How do I evaluate my model, in terms of bias, coverage, etc.?

Ok, I’ve spent a few days looking for the best practice of evaluating my model in this case.

With a frequentist MLE model, what I do is:

  1. simulate N datasets with known \theta,
  2. find the MLE for \theta.
  3. Calculate biases, variance, MSE, coverage…

Which I can then use to say something about how well my model behaves given parameter \theta.

Now, I tried replicating this procedure with a Bayesian model, but a few things I notice are:

  1. I need to find a prior which can be fit automatically, but simply using the \theta as prior feels like cheating because in the real world I wouldn’t know the actual \theta. I thought of fitting a simple glm in an attempt to replicate having prior knowledge on \theta, and using that as a prior distribution mean.
  2. MCMC produces a distribution, and not an actual point estimate.

So my workflow currently is:

  1. simulate N datasets with known \theta,
  2. find a prior for \theta using GLM
  3. Use the prior in stan, produce posterior distribution
  4. Calculate biases, variance, and MSE based on posterior mean. Calculate coverage based on posterior quantiles.

But I don’t see this workflow mentioned anywhere I looked, and it feels like there should be a more efficient way of doing this.

I read a bit on posterior predictive check, but it seems like it doesn’t do quite what I want, which is ultimately answering the question: “Given N data sets - how does this model perform in actually finding \theta?”

One thing I thought about doing is using stan’s optimization, which will produce a point estimate, and I can then calculate the hessian and get the SEs to use for coverage - Is this a reasonable approach?

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I think the most comprehensive reference here would be the Bayesian Workflow paper: [2011.01808] Bayesian Workflow

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Reading this, it seems I am interested in part 4 of the workflow - working with fake data.

What I am doing is basically an SBC, but instead of sampling from a prior distribution - I’m sampling from a single point prior. For example, a simulation would be something like:

sim <- replicate(1000, rpois(N, lambda)

Where I have the same lambda throughout all simulated data. If I understand correctly, an SCB will look more like:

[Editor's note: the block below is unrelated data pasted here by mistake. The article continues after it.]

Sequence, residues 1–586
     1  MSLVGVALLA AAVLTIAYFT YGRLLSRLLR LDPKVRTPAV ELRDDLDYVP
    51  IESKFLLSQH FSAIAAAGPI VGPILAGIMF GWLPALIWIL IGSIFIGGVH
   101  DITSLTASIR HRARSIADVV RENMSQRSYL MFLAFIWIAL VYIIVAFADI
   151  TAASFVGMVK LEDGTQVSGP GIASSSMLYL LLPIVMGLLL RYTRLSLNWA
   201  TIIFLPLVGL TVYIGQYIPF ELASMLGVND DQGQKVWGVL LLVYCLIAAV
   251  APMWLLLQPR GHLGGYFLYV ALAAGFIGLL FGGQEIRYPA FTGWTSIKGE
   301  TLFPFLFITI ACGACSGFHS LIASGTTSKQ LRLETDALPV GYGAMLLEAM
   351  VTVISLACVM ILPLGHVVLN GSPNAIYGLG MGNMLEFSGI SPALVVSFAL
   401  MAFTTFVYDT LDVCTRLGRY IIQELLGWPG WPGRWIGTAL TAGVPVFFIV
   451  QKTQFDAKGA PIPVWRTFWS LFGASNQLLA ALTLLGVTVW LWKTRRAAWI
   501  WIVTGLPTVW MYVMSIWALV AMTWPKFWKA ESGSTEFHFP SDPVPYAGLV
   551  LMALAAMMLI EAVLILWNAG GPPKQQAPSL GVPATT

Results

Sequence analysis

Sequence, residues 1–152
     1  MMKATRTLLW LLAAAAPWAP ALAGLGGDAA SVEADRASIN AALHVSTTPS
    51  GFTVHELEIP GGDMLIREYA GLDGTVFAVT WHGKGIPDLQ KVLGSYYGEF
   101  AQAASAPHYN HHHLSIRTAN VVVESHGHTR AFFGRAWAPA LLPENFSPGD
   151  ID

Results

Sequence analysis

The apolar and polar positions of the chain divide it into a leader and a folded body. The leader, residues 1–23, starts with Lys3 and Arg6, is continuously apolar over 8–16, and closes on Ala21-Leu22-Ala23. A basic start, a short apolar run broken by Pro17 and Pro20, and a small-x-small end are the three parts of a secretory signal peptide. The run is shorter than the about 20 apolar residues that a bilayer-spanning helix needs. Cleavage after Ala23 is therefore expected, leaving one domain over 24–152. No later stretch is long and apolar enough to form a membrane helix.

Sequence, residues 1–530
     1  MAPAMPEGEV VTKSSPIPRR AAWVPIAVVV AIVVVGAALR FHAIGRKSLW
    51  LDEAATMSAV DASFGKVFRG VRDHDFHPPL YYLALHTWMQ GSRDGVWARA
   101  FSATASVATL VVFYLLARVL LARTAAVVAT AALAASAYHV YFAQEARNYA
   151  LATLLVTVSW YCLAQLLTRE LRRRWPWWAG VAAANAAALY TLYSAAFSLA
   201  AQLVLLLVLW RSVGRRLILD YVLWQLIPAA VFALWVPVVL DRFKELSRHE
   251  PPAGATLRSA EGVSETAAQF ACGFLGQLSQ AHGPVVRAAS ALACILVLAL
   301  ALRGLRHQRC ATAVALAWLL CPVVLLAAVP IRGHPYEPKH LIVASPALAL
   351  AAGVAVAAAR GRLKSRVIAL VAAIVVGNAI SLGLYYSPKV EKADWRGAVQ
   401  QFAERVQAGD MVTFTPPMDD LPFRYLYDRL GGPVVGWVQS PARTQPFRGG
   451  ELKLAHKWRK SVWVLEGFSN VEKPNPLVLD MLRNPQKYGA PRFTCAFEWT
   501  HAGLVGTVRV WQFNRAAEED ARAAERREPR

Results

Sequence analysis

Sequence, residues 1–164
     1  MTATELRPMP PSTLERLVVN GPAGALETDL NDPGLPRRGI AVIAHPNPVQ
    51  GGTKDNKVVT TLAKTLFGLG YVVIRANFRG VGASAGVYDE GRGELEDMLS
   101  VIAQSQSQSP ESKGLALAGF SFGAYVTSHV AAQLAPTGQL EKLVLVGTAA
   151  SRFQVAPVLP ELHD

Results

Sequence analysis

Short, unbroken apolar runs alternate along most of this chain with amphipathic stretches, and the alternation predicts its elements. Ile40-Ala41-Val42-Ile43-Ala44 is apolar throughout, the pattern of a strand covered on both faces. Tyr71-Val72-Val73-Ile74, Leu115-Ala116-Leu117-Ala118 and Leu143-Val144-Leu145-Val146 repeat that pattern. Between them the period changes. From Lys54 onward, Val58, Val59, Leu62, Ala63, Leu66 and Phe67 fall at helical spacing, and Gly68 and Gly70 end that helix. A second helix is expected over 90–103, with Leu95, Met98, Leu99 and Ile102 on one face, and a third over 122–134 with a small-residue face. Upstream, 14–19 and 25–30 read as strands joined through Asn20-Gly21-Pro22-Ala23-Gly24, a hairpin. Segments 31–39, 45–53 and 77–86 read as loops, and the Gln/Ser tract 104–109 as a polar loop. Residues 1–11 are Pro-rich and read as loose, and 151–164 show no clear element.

lambda <- rnorm(1, lambda_mean, prior_sd) # defining a normal distribution prior just for simplicity here
sim <- rep(1000, rpois(N, lambda)

I understand how this better connects the posterior distribution with simulations, as the latter are derived from a distribution as well. And reading the Stan user guide, it seems like every iteration of the MCMC both creates fake data and fits the data, so this is way (way) more efficient than what I did previously.

So, my new Stan code will take this form?

transformed data {
 data generation process



generated quantities {
calculate bias/ etc.

Now it’s a question of my prior choice… What I am trying to do, is find the parameters that define the unobserved grey curve which is used from data generation.

My methodology now is using a glm to find the parameters for the red curve, and use these a priors. It’s not perfect but that’s the only way I can think of to simulate a real world scenario. So let’s say \beta is the estimated parameter from the red curve.

The issue I have is that, with not enough data, I will get posterior estimates which are simply my model priors, and hence in past iterations of this work, with real value \theta I got biases of 0 (when using \theta as model prior), \theta (when using 0 as prior mean), and lastly \beta - \theta (I think, need to double check) when using \beta as prior.

Ok, I translated the DGP to Stan and follow the instructions here:

functions {
  array [,] int simulate_introduction_rng(int N, int B_total, array [] int sampling_vector, real b0_sim, real b1_sim){
    array[N,7] int out_mat;
    vector[N] rate_sim;
    vector[N] prob_invasive;
    array[N] int samples;
    array[N] int yearly_introduced;
    array[N] int detected_i_species; 
    array[N] int undetected_i_before;
    array[N] int undetected_i_after;
    array[N] int detected_i_so_far;
    array[N] int detected_n_species;
    array[N] int undetected_n_before;
    array[N] int undetected_n_after;
    array[N] int detected_n_so_far;
    array[N] int t;
    for (i in 1:N) {
      t[i] = i;
      rate_sim[i] = exp(b0_sim + b1_sim * i);
    yearly_introduced = poisson_rng(rate_sim);
    detected_i_species  = rep_array(0, N);
    undetected_i_before = rep_array(0, N);
    undetected_i_after  = rep_array(0, N);
    detected_i_so_far   = rep_array(0, N);
    detected_n_species  = rep_array(0, N);
    undetected_n_before = rep_array(0, N);
    undetected_n_after  = rep_array(0, N);
    detected_n_so_far   = rep_array(0, N);
    undetected_i_before[1] = yearly_introduced[1];
    undetected_n_before[1] = B_total;
    prob_invasive[1] = 1.0 * undetected_i_before[1] / (undetected_n_before[1] + undetected_i_before[1]);
    samples[1] = binomial_rng(sampling_vector[1], prob_invasive[1]);
    detected_i_species[1] = samples[1];
    detected_n_species[1] = sampling_vector[1] - samples[1];
    undetected_i_after[1] = undetected_i_before[1] - detected_i_species[1];